const { data } = useQuery(['user'], fetchUser, {
notifyOnChangePropsExclusions: ['isStale'],
})
return <div>Username: {data.username}</div>
}

The QueryResult.clear() function has been renamed to QueryResult.remove()

Although it was called clear, it really just removed the query from the cache. The name now matches the functionality.

The QueryResult.updatedAt property has been split into QueryResult.dataUpdatedAt and QueryResult.errorUpdatedAt properties

Because data and errors can be present at the same time, the updatedAt property has been split into dataUpdatedAt and errorUpdatedAt.

setConsole() has been replaced by the new setLogger() function

tsx
import { setLogger } from 'react-query'
// Log with Sentry
setLogger({
error: error => {
Sentry.captureException(error)
},
})
// Log with Winston
setLogger(winston.createLogger())

React Native no longer requires overriding the logger

To prevent showing error screens in React Native when a query fails it was necessary to manually change the Console:

tsx
import { setConsole } from 'react-query'
setConsole({
log: console.log,
warn: console.warn,
error: console.warn,
})

In version 3 this is done automatically when React Query is used in React Native.

Typescript

QueryStatus has been changed from an enum to a union type

So, if you were checking the status property of a query or mutation against a QueryStatus enum property you will have to check it now against the string literal the enum previously held for each property.

Therefore you have to change the enum properties to their equivalent string literal, like this:

  • QueryStatus.Idle -> 'idle'
  • QueryStatus.Loading -> 'loading'
  • QueryStatus.Error -> 'error'
  • QueryStatus.Success -> 'success'

Here is an example of the changes you would have to make:

diff
- import { useQuery, QueryStatus } from 'react-query';
+ import { useQuery } from 'react-query';
const { data, status } = useQuery(['post', id], () => fetchPost(id))
- if (status === QueryStatus.Loading) {
+ if (status === 'loading') {
...
}
- if (status === QueryStatus.Error) {
+ if (status === 'error') {
...
}

New features

Query Data Selectors

The useQuery and useInfiniteQuery hooks now have a select option to select or transform parts of the query result.

tsx
import { useQuery } from 'react-query'
function User() {
const { data } = useQuery(['user'], fetchUser, {
select: user => user.username,
})
return <div>Username: {data}</div>
}

Set the notifyOnChangeProps option to ['data', 'error'] to only re-render when the selected data changes.

The useQueries() hook, for variable-length parallel query execution

Wish you could run useQuery in a loop? The rules of hooks say no, but with the new useQueries() hook, you can!

tsx
import { useQueries } from 'react-query'
function Overview() {
const results = useQueries([
{ queryKey: ['post', 1], queryFn: fetchPost },
{ queryKey: ['post', 2], queryFn: fetchPost },
])
return (
<ul>
{results.map(({ data }) => data && <li key={data.id}>{data.title})</li>)}
</ul>
)
}

Retry/offline mutations

By default React Query will not retry a mutation on error, but it is possible with the retry option:

tsx
const mutation = useMutation({
mutationFn: addTodo,
retry: 3,
})

If mutations fail because the device is offline, they will be retried in the same order when the device reconnects.

Persist mutations

Mutations can now be persisted to storage and resumed at a later point. More information can be found in the mutations documentation.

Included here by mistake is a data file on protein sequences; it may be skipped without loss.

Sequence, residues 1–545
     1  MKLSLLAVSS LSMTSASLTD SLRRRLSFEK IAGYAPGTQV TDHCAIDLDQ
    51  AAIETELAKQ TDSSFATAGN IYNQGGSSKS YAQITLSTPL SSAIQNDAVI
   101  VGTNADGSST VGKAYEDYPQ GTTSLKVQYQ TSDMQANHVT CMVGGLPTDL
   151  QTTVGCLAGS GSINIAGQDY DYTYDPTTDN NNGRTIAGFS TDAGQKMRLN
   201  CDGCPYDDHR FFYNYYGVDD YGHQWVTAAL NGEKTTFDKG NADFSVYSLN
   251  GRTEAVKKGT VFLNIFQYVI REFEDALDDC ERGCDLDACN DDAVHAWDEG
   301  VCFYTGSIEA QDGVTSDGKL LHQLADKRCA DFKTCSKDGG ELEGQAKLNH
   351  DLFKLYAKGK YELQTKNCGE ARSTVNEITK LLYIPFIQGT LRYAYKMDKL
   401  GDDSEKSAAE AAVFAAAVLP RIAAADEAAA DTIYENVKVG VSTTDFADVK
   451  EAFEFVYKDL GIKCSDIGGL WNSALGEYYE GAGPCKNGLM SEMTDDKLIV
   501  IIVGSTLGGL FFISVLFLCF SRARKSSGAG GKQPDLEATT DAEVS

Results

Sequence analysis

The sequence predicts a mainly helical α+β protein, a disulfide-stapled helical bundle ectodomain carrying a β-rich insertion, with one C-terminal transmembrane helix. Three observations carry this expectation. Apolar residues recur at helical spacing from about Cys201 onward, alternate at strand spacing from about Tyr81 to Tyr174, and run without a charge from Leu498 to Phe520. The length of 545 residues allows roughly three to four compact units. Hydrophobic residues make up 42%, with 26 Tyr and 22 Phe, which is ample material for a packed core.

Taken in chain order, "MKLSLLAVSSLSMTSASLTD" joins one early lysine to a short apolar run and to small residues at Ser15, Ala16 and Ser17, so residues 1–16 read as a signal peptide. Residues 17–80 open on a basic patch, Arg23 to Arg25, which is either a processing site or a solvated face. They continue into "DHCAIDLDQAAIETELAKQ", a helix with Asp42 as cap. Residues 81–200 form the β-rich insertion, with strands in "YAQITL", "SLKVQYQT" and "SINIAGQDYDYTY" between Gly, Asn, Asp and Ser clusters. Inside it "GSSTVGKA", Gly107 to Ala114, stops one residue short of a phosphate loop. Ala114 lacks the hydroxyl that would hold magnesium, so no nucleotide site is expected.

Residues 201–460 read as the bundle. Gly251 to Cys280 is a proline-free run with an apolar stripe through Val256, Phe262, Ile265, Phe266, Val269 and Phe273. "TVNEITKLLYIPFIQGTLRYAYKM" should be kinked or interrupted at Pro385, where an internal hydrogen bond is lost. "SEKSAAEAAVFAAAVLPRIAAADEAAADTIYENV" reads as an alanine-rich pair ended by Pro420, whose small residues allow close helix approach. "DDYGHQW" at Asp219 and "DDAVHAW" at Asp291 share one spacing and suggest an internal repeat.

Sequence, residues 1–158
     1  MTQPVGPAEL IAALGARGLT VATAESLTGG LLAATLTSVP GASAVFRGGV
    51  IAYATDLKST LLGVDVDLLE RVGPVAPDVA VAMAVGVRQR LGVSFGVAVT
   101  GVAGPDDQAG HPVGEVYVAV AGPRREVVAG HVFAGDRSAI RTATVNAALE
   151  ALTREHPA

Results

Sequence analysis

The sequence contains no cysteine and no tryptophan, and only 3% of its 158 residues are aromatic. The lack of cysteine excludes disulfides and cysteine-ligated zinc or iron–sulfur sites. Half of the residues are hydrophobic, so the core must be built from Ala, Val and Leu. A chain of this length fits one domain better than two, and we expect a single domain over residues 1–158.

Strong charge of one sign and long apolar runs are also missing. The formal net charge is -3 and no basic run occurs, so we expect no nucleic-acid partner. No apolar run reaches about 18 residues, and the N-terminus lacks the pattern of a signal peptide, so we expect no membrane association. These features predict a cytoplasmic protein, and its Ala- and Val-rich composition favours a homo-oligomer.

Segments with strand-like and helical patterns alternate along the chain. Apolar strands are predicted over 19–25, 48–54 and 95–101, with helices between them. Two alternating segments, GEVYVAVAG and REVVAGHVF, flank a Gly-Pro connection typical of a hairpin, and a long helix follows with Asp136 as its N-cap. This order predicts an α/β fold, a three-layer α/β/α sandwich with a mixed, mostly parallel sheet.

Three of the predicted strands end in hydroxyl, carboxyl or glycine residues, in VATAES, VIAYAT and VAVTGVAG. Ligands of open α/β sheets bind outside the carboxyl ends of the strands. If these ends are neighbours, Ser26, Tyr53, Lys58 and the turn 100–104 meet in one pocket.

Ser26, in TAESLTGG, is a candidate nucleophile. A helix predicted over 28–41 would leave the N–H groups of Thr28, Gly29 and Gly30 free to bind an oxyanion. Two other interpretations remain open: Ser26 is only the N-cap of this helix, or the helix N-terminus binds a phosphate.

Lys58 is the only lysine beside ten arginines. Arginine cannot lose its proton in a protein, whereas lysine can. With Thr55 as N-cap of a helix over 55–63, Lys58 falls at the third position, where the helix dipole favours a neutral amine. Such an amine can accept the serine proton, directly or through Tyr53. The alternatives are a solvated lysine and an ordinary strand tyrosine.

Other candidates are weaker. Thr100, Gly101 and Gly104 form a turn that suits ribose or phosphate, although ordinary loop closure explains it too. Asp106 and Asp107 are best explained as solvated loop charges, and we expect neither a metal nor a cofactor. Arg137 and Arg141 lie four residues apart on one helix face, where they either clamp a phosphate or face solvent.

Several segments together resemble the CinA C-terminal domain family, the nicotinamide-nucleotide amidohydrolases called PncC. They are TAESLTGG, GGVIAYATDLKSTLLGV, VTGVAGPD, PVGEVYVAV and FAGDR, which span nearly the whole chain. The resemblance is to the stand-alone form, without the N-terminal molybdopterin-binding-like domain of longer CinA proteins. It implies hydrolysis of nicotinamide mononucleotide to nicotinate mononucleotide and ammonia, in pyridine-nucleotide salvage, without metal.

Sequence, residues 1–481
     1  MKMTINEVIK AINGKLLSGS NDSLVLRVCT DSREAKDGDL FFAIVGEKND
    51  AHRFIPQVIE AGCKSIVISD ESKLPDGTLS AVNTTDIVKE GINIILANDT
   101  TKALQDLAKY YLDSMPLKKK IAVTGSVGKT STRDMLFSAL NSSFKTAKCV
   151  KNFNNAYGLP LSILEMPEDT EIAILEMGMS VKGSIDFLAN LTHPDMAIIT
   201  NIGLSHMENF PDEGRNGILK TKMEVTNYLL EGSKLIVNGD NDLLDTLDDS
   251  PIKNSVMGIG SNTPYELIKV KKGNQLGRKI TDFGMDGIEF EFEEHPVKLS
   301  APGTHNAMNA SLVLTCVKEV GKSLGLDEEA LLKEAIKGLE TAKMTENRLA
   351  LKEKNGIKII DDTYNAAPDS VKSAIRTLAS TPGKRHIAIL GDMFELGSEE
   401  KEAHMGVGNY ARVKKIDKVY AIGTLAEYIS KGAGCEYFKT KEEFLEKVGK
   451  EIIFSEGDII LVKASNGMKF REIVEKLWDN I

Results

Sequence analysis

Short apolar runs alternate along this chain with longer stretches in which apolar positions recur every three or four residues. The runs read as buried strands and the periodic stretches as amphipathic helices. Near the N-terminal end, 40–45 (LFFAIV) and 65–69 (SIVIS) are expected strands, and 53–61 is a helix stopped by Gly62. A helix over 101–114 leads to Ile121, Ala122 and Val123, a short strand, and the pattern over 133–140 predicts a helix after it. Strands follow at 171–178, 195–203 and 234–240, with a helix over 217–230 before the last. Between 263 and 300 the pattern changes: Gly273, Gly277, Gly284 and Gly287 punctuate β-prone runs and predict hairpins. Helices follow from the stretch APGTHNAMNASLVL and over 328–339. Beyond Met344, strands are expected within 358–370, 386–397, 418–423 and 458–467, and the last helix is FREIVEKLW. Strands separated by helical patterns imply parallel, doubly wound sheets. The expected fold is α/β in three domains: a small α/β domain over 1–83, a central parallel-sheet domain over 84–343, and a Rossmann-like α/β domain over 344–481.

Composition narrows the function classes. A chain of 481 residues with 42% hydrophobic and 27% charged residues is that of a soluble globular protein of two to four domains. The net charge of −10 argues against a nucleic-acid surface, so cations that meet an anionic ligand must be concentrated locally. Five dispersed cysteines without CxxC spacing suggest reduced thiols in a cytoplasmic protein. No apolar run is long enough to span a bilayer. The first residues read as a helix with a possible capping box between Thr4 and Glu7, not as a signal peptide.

QueryObserver

A QueryObserver can be used to create and/or watch a query:

tsx
const observer = new QueryObserver(queryClient, { queryKey: 'posts' })
const unsubscribe = observer.subscribe(result => {
console.log(result)
unsubscribe()
})

InfiniteQueryObserver

A InfiniteQueryObserver can be used to create and/or watch an infinite query:

tsx
const observer = new InfiniteQueryObserver(queryClient, {
queryKey: 'posts',
queryFn: fetchPosts,
getNextPageParam: (lastPage, allPages) => lastPage.nextCursor,
getPreviousPageParam: (firstPage, allPages) => firstPage.prevCursor,
})
const unsubscribe = observer.subscribe(result => {
console.log(result)
unsubscribe()
})

QueriesObserver

A QueriesObserver can be used to create and/or watch multiple queries:

tsx
const observer = new QueriesObserver(queryClient, [
{ queryKey: ['post', 1], queryFn: fetchPost },
{ queryKey: ['post', 2], queryFn: fetchPost },
])
const unsubscribe = observer.subscribe(result => {
console.log(result)
unsubscribe()
})

Set default options for specific queries

The QueryClient.setQueryDefaults() method can be used to set default options for specific queries:

tsx
queryClient.setQueryDefaults(['posts'], { queryFn: fetchPosts })
function Component() {
const { data } = useQuery(['posts'])
}

Set default options for specific mutations

The QueryClient.setMutationDefaults() method can be used to set default options for specific mutations:

tsx
queryClient.setMutationDefaults(['addPost'], { mutationFn: addPost })
function Component() {
const { mutate } = useMutation({ mutationKey: ['addPost'] })
}

useIsFetching()

The useIsFetching() hook now accepts filters which can be used to for example only show a spinner for certain type of queries:

tsx
const fetches = useIsFetching({ queryKey: ['posts'] })

Core separation

The core of React Query is now fully separated from React, which means it can also be used standalone or in other frameworks. Use the react-query/core entry point to only import the core functionality:

tsx
import { QueryClient } from 'react-query/core'

Devtools are now part of the main repo and npm package

The devtools are now included in the react-query package itself under the import react-query/devtools. Simply replace react-query-devtools imports with react-query/devtools